Foilayage Pricing: How To Charge For Foils + Balayage
5 Genius Foilayage Pricing Strategies
How do you price foilayage—per foil, hourly, a la carte or something else? Many colorists are now adding foils to their balayage work to achieve heavier brightness, but don’t know how to charge for it. But when we shared this foil-and-paint pricing dilemma on Insta, the BTC fam showed up with a lot of different answers, so just keep scrollin’!
Disclaimer: Everyone is entitled to their own pricing method and what works for them. We are simply showing you different ideas, so you can make the best choice for your salon biz!
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Idea #1: Charge An Hourly Rate
Charge an hourly rate for color services that includes product usage, bond builders, time, treatments, a haircut, etc. Here’s why:
- Fair Pricing: “Someone [who] has really fine hair that only takes an hour and a half should not be charged the same price as someone who takes four to five hours,” shares @jessicascotthair.
- Avoid Undercharging: Charging hourly prevents you from losing out on money if you forget to add a bond builder to the final ticket, or extra color bowls, OR if you have a Karen that doesn’t want to pay the extra $30 for a glaze, adds Jessica.
- Client-Friendly Budgets: Fixed hourly rates help clients budget for each blonding session. This makes it easier to explain what you can realistically accomplish during each appointment, so everyone’s on the same page, suggests @mayhemilyhair.
Idea #2: Charge For Individual Services
Here are a couple of different strategies to consider when charging service-by-service:
- A La Carte Pricing: Exactly what it sounds like, charge for every single service individually! This includes foils, hair painting, toners, treatments, color melts, haircuts, etc. During the consultation, let clients know that you charge a la carte and what services they can expect on their final ticket, suggests @beautymoresalon.
- Base Price + Add-Ons: Charge a base price for the full highlight and balayage, plus additional charges for extras like Olaplex treatments and clients with more hair, suggests @lexiencannon.
Watch @sabrinathehairwitch’s video below & listen as she walks through exactly how she prices foilayage.
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Idea #3: Avoid This Common Mistake
Wasting product at the backbar is one of the EASIEST ways to lose money as a colorist. Here are some ideas to avoid this common issue:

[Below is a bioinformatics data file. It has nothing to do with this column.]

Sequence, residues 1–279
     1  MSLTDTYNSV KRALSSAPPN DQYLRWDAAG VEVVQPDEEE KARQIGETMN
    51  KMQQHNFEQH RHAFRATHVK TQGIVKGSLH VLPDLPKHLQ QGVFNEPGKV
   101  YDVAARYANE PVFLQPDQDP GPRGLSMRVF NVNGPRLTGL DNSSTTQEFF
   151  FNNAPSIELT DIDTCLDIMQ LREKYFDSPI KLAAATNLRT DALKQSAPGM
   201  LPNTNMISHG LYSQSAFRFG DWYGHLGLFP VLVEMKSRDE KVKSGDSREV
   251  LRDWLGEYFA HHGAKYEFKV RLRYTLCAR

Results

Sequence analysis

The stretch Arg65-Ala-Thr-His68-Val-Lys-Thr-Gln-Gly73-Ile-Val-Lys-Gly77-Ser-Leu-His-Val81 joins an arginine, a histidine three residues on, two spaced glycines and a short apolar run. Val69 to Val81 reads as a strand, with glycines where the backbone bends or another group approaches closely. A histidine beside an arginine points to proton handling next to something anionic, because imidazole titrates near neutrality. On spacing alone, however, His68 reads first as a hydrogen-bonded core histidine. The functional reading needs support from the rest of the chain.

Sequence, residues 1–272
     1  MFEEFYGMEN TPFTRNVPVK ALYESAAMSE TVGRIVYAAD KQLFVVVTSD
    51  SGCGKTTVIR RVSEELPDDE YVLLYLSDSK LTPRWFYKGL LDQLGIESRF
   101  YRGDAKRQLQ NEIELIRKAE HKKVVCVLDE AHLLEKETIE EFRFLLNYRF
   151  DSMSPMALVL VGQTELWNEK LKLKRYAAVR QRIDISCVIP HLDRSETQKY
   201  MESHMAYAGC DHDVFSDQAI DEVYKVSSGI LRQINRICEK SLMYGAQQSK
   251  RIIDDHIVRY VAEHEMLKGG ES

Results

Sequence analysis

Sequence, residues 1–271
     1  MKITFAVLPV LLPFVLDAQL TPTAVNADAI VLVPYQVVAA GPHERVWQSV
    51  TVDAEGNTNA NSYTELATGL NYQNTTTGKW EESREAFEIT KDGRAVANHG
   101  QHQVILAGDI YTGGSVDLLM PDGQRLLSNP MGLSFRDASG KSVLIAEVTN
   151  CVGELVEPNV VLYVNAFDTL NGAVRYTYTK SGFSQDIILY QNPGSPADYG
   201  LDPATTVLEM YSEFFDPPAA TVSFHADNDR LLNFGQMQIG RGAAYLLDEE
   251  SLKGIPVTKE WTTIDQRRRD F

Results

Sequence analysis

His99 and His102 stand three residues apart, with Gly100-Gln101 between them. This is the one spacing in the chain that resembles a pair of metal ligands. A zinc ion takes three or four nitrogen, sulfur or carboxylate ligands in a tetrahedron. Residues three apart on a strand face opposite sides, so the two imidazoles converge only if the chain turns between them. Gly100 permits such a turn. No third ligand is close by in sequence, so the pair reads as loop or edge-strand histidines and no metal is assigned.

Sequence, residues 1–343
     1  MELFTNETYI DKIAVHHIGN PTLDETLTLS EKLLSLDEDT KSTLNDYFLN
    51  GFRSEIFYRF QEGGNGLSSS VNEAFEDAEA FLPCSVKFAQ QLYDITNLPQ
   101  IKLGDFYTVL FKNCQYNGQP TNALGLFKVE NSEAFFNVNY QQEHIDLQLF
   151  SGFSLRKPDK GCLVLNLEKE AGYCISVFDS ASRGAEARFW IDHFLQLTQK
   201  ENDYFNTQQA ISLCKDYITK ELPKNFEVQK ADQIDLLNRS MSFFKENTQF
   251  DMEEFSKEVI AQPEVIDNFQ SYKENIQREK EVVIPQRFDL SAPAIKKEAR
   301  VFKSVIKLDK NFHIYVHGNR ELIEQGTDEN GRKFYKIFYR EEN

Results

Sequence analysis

“My base price for [foilayage] with a haircut is $264. Anything past 40g of lightener, I charge an additional $25,” shares Austin-based stylist @haleyalayne. “If I root melt and tone at bowl, I charge $40. If it is only a toner $25 [ and] $30 per bowl if I use bond builder or Olaplex with lightener.”
“I know how much I want to make per hour then I add the cost of product but the tip usually covers my product cost,” adds @ryanngordon77. “I like to also think if it costs me $15 in product and I want a 10 percent production cost, I would charge $150. Most clients at the price would tip $20 to $25.”
Idea #4: Charge Per Foil
Foilayage can be a lot more work than traditional balayage or highlights (more work = more money). If you charge per foil, the type of application—partial, half head and full head—determines the final cost. From there, add a base charge for the wash and blow-dry and extra charges for haircuts, products used and add-ons.
After digging through the comments section, we found that colorists who charge based on foil count settle somewhere around five dollars PER FOIL. “My foils come out to about $4-5 a foil hourly or not,” shares @indresholliday. “I charge per hour as well ($125) and it usually comes out to that, plus I charge for length every 2 inches past the shoulder is [an] $10 extra on top of that.”
Idea #5: Charge Based On Desired Look
We know that when our clients request “just a few foils or some balayage”, this actually requires a LOT of steps, product, time and sometimes multiple sessions. By charging based on the desired look instead of services, this allows the stylist to come up with a process and ballpark price with more flexibility. You are charging for their dream hair that may require extra steps, instead of promising specific services.
This has us wondering, do you really need to break down the price of every step for clients? Keep reading for a couple of different opinions.
Have Clients Focus On The Experience, Not Your Creative Process
“You show me what we’re starting with and the result you desire. I give you a tight ballpark cost. That way I’m not giving away information the client has no business knowing. My secrets are mine [and] my professional business. [Clients] should be looking for the desired result not all the grams of color used or whether I tone or don’t tone, foil or paint, bleach or high lift… [nowadays] clients are given far too much information about something they (should) know nothing about. It’s our profession. Not theirs. Just give them a price based on your knowledge.” – @lindamollo
Be Open With Clients:
“I personally like to be really open about the process with my clients and educate them on all the steps I’m taking to ensure they get their desired look. It usually makes them more aware of all the extra work I do for them since I am educating them on what I’m doing in that moment and in the end I feel like they appreciate my hard work and can understand my pricing better since I have educated them on the process, so I wouldn’t say it makes me any less than a true professional, I think it would prove that I am a professional because then they feel more comfortable because they can tell I know what I’m talking about.” – @styledby_sammiejay
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